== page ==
The airman had his work cut out for him that night in 2020. Though the citation did not specify exactly which aircraft systems failed, they apparently were responsible for communication, navigation, and cockpit flight displays. Reedy managed to regain partial use of one radio, through which he told the other CV-22s that his own aircraft could not continue the mission. Somehow they managed to refuel mid-air in that degraded state.
“Without the use of aircraft navigation or cockpit flight displays, Sergeant Reedy assisted in performing a non-standard aerial refueling and executing a night formation landing, guided by his wingman, into marginal weather and visibility conditions,” read Reedy’s citation. Tech Sgt. Thomas Morgan, a third CV-22B special missions aviator, also received the Air Medal in part for helping guide his malfunction-plagued wingman through the ordeal.
After landing at a remote operating base, Reedy transferred some equipment and a weapon to another CV-22, which then took off to continue the mission.
The tension persisted the rest of the night. As a loadmaster aboard an MC-130J, Staff Sgt. Christin Springs was responsible for overseeing the multiple aerial refuelings between her aircraft and the CV-22s. Refueling in the air is hard enough, but Springs also battled “communication systems degradation,” to get the job done safely during the dark, exhausting mission, according to her Air Medal citation.
The aircrews were not the only ones having a hard time. The mission had to be flown at high altitude, but the unpressurized cabin of the CV-22s meant that some of the Navy SEALs aboard showed signs of hypoxia. Tech Sgt. Robert Duck, another special missions aviator aboard one of the Ospreys, received the Air Medal in part for loaning his own oxygen mask to a few of the SEALs to help them breathe, according to his citation. The mission was the longest time a CV-22 ever flew at high altitude, a spokesperson for Air Force Special Operations Command told the Albuquerque Journal.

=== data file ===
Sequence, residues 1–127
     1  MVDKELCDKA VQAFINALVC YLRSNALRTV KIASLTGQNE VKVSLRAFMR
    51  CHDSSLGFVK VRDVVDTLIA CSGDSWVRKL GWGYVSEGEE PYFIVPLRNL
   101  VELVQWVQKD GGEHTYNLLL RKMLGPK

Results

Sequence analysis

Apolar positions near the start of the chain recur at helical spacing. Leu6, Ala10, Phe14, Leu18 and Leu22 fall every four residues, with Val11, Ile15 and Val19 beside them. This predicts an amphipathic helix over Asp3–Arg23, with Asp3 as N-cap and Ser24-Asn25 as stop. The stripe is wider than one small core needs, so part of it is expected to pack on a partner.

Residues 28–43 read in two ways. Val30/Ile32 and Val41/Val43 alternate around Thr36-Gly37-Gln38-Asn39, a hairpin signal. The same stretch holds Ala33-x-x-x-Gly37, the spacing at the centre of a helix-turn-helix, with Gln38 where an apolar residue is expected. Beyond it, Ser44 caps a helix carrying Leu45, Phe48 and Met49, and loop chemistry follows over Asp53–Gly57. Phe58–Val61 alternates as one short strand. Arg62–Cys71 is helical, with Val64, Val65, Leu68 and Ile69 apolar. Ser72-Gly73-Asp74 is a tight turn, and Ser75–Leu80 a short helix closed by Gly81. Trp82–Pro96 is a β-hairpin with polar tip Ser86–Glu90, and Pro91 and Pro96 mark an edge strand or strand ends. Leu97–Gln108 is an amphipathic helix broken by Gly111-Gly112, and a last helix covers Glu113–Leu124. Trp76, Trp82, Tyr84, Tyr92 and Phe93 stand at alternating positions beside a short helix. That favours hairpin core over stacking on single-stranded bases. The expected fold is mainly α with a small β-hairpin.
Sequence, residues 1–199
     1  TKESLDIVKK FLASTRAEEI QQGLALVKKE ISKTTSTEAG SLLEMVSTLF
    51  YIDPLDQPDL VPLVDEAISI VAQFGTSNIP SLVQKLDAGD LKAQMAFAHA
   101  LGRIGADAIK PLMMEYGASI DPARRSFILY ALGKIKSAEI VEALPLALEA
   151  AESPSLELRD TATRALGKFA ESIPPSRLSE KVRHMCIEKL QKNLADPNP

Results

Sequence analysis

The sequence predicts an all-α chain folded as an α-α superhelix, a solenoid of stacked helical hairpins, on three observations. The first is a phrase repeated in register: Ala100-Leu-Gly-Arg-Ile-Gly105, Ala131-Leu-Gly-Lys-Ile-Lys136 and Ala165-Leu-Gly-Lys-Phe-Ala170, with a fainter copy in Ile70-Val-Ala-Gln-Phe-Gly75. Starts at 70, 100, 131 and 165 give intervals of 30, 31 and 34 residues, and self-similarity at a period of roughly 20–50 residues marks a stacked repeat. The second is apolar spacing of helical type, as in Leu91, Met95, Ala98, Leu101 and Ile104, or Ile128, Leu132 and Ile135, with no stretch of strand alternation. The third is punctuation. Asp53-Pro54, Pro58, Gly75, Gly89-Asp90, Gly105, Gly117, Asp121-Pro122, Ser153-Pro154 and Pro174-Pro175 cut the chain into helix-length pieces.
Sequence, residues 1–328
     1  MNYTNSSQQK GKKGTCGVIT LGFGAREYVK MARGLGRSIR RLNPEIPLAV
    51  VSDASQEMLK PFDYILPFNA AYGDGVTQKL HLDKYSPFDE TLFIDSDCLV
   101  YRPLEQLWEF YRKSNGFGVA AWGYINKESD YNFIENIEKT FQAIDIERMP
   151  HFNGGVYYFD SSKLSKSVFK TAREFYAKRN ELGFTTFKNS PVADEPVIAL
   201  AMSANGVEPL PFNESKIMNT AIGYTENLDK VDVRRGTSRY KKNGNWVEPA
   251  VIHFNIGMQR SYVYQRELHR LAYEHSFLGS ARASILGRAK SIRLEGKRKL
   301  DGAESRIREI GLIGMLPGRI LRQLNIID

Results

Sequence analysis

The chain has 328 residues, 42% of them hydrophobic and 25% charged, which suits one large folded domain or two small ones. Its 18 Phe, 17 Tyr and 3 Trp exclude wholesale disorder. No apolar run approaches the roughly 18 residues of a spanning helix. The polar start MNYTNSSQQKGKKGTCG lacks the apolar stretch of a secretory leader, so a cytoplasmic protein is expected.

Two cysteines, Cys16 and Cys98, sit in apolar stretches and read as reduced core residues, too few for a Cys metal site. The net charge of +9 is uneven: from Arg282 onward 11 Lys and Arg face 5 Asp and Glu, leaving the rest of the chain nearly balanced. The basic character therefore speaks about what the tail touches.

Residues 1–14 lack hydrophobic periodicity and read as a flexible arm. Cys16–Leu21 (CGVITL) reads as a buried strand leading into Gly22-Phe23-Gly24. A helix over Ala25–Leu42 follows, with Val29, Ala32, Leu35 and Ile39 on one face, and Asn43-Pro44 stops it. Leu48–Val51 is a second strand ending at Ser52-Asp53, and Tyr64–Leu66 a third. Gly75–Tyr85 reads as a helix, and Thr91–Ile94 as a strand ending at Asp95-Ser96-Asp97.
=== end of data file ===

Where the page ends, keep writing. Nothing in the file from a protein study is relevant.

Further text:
The 30 or so SEALs parachuted into northern Nigeria, then “hiked about three miles until they came upon the captors’ small encampment in a copse of scrubland bushes and trees,” the New York Times reported in 2020. The CIA had located Walton beforehand, according to ABC News. The SEALs then proceeded to kill all but one of the seven captors, according to ABC News.
But the mission was not over yet. The commandos and the hostage had to then meet up with the CV-22s, whose crews navigated unfamiliar terrain to get to the landing zone.
“Finally, he selflessly guided his aircraft low-level into an unknown threat environment to recover the hostage and assault force at an unplanned, austere landing zone with obstacles mere feet away from his aircraft,” read Konkolics’ citation. It was not clear if the CV-22s then had to fly all the way back to Rota, but in the end they managed to rescue Walton without a single American injury: a major accomplishment considering the length and complexity of the flight.
“There’s not another military in the world that could have pulled that off,” then-Acting Secretary of Defense Christopher Miller said about the mission during a visit to the 100th Aerial Refueling Wing in 2020, according to Military.com. “The problem … is you guys make it look so freakin’ easy, that the American public just automatically assumes like, ‘Oh, yeah, you know, you push the U.S. military button and everything’s going to go fine … That’s why it’s so important to come out here and listen to y’all.”
Of course, it is not so easy: the aviators who operated the CV-22s and MC-130Js that night spend years preparing for high-stakes, special operations missions like the Nigeria hostage rescue. Even then, plenty of things still go wrong, which is where the intense training beforehand pays off. Maj. Gen. Phillip Stewart, 19th Air Force commander and presiding officer of the award ceremony last week, noted that the high quality of airmen was what made the mission succeed.
“I’m extraordinarily proud that the mission they executed ended so well,” he said, according to the press release. “The asymmetric advantage of America at war is our people, our great warriors.”